The University of Maryland describes Comfrey:

Comfrey (Symphytum officinale) is sometimes used on the skin to treat wounds and reduce inflammation from sprains and broken bones. Comfrey roots and leaves contain allantoin, a substance that helps new skin cells grow, along with other substances that reduce inflammation and keep skin healthy. Comfrey ointments have been used to heal bruises as well as pulled muscles and ligaments, fractures, sprains, strains, and osteoarthritis.

Around here we like to either use Comfrey leaves crumbled, rubbed a bit and then put in a clean sock. Next we apply boiling water to the sock. You can dip it into a cup with boiling water in it. Then once the sock has cooled to warm (do not apply the boiling hot sock to your skin it will hurt and could burn  you) apply the sock/Comfrey leaf poultice to your injured area. Use an ace bandage to hold it in place.

Comfrey the Natural Remedy for carpel tunnel

This works as a carpel tunnel natural remedy. It also works for tennis elbow, or runners knee, shin splints or even back pain.

Use this in addition to the Comfrey oil you should notice significant relief fairly quickly. A trick for applying essential oils. Put it on the soles of your feet at night with socks to protect your bedding. By morning you will find that the medicinal properties of what ever you put on your feet have traveled to where the ingredients were needed most!

The next time  you have a cold, instead of applying the herbal ointment to your chest, put it on your feet. See if the results don’t blow you away by how well this works.

If  you don’t want to make  your own comfrey oil  you can buy it here and if you’d like to grow Comfrey and make your own oil, check out these deals on Comfrey seeds. Comfrey grows like a weed – a very special weed indeed.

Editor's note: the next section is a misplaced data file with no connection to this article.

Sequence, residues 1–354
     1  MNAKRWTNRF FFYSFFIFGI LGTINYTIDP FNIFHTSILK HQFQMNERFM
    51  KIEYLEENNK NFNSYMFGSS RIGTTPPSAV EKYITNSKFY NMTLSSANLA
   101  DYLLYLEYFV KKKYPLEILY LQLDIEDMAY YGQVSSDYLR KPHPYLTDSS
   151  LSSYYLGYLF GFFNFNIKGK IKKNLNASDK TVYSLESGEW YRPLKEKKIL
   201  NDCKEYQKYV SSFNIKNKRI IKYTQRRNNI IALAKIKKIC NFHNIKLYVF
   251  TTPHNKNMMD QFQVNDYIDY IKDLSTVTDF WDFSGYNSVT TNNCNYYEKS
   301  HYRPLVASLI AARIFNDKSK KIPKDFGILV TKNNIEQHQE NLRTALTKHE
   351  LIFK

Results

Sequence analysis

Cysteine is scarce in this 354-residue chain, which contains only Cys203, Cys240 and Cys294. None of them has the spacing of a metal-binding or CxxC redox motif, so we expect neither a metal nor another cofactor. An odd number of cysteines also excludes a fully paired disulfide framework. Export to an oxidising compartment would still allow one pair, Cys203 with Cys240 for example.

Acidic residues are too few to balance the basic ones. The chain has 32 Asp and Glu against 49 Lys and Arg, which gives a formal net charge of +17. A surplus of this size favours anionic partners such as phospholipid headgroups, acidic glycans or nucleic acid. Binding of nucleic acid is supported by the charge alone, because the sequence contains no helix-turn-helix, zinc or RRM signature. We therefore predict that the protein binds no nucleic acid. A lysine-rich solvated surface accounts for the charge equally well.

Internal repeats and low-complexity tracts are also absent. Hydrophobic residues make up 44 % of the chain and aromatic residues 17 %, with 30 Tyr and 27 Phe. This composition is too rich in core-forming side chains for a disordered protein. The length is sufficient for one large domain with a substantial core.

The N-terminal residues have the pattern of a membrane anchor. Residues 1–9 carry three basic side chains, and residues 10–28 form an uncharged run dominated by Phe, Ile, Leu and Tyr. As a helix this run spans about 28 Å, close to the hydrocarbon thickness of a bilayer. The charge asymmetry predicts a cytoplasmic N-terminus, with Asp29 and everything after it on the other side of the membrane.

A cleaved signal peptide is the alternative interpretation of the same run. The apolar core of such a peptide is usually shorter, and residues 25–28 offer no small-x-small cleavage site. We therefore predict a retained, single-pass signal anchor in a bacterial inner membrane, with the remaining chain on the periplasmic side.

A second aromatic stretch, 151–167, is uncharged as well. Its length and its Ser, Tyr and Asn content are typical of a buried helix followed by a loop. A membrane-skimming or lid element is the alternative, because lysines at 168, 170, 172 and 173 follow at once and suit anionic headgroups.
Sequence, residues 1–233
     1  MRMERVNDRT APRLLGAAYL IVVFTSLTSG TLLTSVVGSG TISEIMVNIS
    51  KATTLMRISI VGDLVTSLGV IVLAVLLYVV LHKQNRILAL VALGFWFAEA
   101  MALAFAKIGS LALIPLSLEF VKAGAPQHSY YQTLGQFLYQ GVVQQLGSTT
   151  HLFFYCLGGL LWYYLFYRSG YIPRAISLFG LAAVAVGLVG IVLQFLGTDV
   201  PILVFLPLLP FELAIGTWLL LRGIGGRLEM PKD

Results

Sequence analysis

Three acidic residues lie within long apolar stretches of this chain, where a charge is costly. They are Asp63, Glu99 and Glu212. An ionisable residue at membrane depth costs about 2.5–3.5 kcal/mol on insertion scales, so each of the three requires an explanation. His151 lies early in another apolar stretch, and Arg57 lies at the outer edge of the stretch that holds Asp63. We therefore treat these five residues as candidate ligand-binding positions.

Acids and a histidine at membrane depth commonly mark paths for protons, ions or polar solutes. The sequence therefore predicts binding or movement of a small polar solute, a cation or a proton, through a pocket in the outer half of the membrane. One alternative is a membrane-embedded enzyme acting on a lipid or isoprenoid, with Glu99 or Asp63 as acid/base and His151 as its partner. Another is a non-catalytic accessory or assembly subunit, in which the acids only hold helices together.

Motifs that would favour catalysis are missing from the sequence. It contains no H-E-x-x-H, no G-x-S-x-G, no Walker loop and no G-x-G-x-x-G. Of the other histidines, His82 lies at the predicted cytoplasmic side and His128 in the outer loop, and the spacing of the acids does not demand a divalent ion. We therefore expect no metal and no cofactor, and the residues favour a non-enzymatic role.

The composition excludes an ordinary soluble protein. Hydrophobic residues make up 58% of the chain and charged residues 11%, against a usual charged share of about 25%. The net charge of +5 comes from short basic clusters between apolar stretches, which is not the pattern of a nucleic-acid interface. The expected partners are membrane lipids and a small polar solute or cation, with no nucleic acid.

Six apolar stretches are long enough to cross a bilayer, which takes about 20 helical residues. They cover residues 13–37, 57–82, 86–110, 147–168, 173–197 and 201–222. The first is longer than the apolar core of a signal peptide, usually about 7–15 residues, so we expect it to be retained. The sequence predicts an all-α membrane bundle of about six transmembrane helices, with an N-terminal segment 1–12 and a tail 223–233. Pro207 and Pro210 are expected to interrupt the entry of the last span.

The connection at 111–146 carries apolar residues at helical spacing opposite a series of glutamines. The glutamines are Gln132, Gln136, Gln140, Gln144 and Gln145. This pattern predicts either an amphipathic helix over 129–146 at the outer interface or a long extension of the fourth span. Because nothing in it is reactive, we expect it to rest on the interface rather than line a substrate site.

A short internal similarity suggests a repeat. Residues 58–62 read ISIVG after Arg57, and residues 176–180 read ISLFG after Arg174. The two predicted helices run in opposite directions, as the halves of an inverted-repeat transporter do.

be prepared in the event of a disaster.

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Cold Process Soap A Tale Of Re Batching

re batching cold process soap

DustyFrame Shares with us her experience with re batching cold process soap because it did not turn out the first time around. I have had similar problems and this was my solution also.

 

Here is Dusty’s story About Cold Process Soap Re Batching:

I’m still learning this whole soap making thing. I enjoy it and think I’m getting closer to figuring it out.

This was batch #3 and I didn’t know that citrus essential oils don’t do very well in cold process soap making. I used tangerine essential oil in it as well as grated orange peel for a little bit of “scrubby”.

I used tumeric to color it and while it looked nice as a bar, it didn’t smell like much of anything other than orange peel.

I’m not about to waste a whole pound of soap, so I decided to rebatch it.

Soap disaster? Don't throw it out, rebatch it

Here’s what I did.

1. Grate the soap.

2. I added 1/8 c. of Goat’s Milk and a splash of olive oil.

3. I put it in a warm oven 170 in this enamel pan. I checked it every 15 minutes. It did take a fair amount of time until it melted. I just stirred it every time I checked it. Eventually, it looked like this.

4. Then I stirred in peppermint essential oil and some more tangerine–ok I should give up the tangerine because it really didn’t work. I also added about 1 TB of honey.

5. Pour it into the mold–this one happens to be a Rubbermaid drawer organizer that I found at the thrift store for fifty cents.

6. I unmolded it as soon as it cooled. Since it was a rebatch it didn’t need to set as long as fresh cold process soap does.

I learned from this batch a few things.

1. Skip the citrus essential oils.

2. I don’t really care for the scent of orange peels but they are a nice scrubby additive.

3. Tumeric makes a really nice pumpkin color and I’ll probably use it again to color some spicey or fall scented soaps.

4. I’d rather get the soap right the 1st time than do rebatching. It’s not really my thing, but it was better than wasting it.

5. Rebatching requires a lot less liquid than I used. The goat’s milk, olive oil, and honey was too much. It required a lot longer time to dry than it should have and it’s still not a super hard bar of soap.

 

The tools you need to accomplish soap rebatching all in one place:

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Living The Homestead Life Becoming Self Sufficient Is a Process

living the homestead life

Reflecting back I’ve come to realize that living the homestead life is a process of becoming self sufficient.

When I first started this journey, I had no idea goats had no upper teeth. Or how to make bread from scratch.I had not clue whether you needed a rooster to get chicken eggs. Or how to incubate and raise baby chicks. There are so many things that I have learned over the last decade. I look forward to sharing what I have learned and continue to learn with you.

How I got Started Living The Homestead Life